Long luminous river, by Liz Moore
If you like your psychological thrillers with a side of procedural detective story, then this title is for you. Located in a Philadelphia neighborhood ravaged by poverty and drug addiction, Long luminous river is the story of two estranged sisters: Mickey, who runs through those scrabble blocks as he passes the police, and Kacey, who lives in the neighborhood while battling her addiction. When Kacey goes missing in the midst of a mysterious murder spree, Mickey is desperate to find his sister before it’s too late. Both a gripping crime thriller and a poignant neighborhood-level take on the opioid crisis, Long luminous river is an unforgettable story.
Your house will pay, by Steph Cha
In today’s Los Angeles rocked by protests over the police shooting of a black teenager, two families face the decades-old crime that binds them together. In the early 1990s, a Korean convenience store owner shot dead a black teenager; now the store owner’s daughter and the teenager’s brother are on a collision course, with dangerous implications for their respective families. Through this layered story of racism, the broken justice system, and revenge, Cha delivers a noir thriller filled with surprises.
Shutter island, by Dennis Lehane
Of course you remember the Martin Scorsese movie Shutter island, but have you read the acclaimed novel it’s based on? Set in 1954, the book centers on Teddy Daniels, a U.S. Marshal investigating crimes and conspiracies on Shutter Island, home to the Ashcliffe Hospital for Insane Criminals. Sent there to locate a fleeing murderer, then trapped by an impending hurricane, Teddy and his partner are plunged into a web of locked rooms and secret codes, which gradually reveal that Ashcliffe Hospital is not what it seems. Lehane’s gripping and winding novel will manipulate your mind until the very last page.
These bones are not my child, by Toni Cade Bambara
Edited by Toni Morrison, who calls These bones are not my child Bambara’s masterpiece, Bambara’s latest novel is his most unforgettable. Set in “The City Too Busy to Hate” during the Atlanta Child Murders, it’s the heartbreaking story of Zala and Spence, a estranged couple whose teenage son, Sonny, goes missing on a hot summer day. When the search for Sonny is met with indifference from the racist authorities, Zala and Spence resort to their own desperate measures to find him, before becoming suspects themselves. In this imposing interpretation of an anguished time and place, Bambara captures the tumult of a city, while two parents realize their greatest fear.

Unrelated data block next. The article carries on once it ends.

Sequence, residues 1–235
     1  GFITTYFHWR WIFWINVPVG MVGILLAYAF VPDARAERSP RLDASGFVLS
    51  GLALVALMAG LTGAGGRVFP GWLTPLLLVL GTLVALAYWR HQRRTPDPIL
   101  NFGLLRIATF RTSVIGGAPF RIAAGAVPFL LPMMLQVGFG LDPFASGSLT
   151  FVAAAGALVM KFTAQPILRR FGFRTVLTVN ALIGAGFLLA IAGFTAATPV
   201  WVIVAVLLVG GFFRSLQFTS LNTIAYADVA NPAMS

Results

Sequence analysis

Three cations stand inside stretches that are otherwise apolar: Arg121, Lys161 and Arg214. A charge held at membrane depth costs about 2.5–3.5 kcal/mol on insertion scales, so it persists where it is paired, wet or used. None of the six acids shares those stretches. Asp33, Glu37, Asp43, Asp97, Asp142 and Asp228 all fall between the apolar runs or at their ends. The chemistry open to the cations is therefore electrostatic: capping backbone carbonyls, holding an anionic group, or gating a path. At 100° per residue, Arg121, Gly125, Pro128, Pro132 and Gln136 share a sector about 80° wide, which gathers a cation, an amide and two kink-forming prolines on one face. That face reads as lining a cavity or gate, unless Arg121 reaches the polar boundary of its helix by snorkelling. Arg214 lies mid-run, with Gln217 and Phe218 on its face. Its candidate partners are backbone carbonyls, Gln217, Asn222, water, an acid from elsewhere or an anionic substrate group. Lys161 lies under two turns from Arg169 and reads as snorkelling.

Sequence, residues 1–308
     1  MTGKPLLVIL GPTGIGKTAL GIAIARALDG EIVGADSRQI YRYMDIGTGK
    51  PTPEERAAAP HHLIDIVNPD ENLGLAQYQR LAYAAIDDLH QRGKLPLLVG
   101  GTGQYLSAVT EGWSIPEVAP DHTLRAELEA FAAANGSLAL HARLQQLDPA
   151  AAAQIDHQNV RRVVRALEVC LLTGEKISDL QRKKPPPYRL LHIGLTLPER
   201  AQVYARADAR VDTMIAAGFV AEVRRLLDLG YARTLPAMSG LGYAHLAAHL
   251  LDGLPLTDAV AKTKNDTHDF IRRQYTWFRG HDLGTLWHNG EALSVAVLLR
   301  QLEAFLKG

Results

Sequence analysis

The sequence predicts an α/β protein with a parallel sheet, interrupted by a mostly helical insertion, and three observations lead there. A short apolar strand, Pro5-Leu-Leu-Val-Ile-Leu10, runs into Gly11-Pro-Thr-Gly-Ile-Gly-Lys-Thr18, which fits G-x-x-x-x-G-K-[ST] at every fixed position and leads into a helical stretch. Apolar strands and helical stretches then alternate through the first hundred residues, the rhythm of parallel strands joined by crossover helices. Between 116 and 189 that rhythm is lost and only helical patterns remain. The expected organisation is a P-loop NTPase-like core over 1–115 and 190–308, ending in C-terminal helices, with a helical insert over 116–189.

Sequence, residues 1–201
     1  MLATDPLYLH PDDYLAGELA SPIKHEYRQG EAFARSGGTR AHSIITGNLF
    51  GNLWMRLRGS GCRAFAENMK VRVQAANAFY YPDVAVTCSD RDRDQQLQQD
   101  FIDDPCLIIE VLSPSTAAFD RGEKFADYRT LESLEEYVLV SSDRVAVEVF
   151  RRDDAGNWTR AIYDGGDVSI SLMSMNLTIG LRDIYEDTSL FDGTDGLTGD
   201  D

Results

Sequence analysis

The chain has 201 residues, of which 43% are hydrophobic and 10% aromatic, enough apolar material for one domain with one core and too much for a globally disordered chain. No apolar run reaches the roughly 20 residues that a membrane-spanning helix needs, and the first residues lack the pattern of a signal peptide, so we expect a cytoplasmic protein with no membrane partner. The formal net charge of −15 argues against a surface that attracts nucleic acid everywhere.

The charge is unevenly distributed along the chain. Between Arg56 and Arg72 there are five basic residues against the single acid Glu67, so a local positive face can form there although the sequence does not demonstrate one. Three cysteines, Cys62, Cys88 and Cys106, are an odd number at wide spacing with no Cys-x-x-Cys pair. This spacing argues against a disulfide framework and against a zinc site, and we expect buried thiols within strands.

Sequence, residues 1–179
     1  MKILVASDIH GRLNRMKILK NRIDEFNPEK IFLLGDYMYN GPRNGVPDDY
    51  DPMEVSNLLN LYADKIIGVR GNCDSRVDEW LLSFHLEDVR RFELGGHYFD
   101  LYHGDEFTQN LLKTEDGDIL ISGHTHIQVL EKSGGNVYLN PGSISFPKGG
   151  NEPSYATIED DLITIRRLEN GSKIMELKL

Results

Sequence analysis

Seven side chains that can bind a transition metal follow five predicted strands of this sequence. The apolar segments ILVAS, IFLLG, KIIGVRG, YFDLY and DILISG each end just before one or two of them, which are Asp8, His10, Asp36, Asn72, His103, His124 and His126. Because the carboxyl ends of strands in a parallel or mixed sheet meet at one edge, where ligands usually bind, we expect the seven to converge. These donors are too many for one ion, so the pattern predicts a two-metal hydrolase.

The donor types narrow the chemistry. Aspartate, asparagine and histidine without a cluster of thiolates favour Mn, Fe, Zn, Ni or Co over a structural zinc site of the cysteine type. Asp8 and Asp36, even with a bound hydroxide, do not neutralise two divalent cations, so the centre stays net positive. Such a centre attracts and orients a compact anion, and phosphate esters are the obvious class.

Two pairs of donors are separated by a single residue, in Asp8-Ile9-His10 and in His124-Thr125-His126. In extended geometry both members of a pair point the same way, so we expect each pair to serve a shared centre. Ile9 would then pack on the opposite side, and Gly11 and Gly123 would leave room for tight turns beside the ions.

Outside, by Natsuo Kirino
Kirino, a literary superstar in her native Japan, caused a sensation on the American coast with Outside, her edgy black comedy about a group of unlucky women in Tokyo. When a worker in a bento factory strangles her deadbeat husband, three coworkers gather around her to dispose of the body and cover up the murder. A local criminal network takes note and offers women additional opportunities; soon, relations between the women strain, while the detectives are on their heels. Both a literary turner and a biting commentary on Japan’s social underclass, Outside masterfully probes the psychology of women on the brink.
Rebecca, by Daphné Du Maurier
“Last night I dreamed I was going to Manderley again.” With this iconic opening line, Du Maurier plunges us into the chilling universe of Rebecca, a ghost story haunted by an invisible ghost. When an anonymous young woman marries the wealthy widower Maxim de Winter, the newlyweds head to her ancestral estate in Manderley, where they aim to rebuild their lives together. The second Mrs. de Winter soon sees her life dominated by Rebecca, Maxim’s late wife, whose memory hovers ominously in every corner of the estate. As the second Mrs. de Winter recreates the secret story of her predecessor, the obsession drives her to the brink of insanity, creating an otherworldly psychological thriller that you can never get rid of.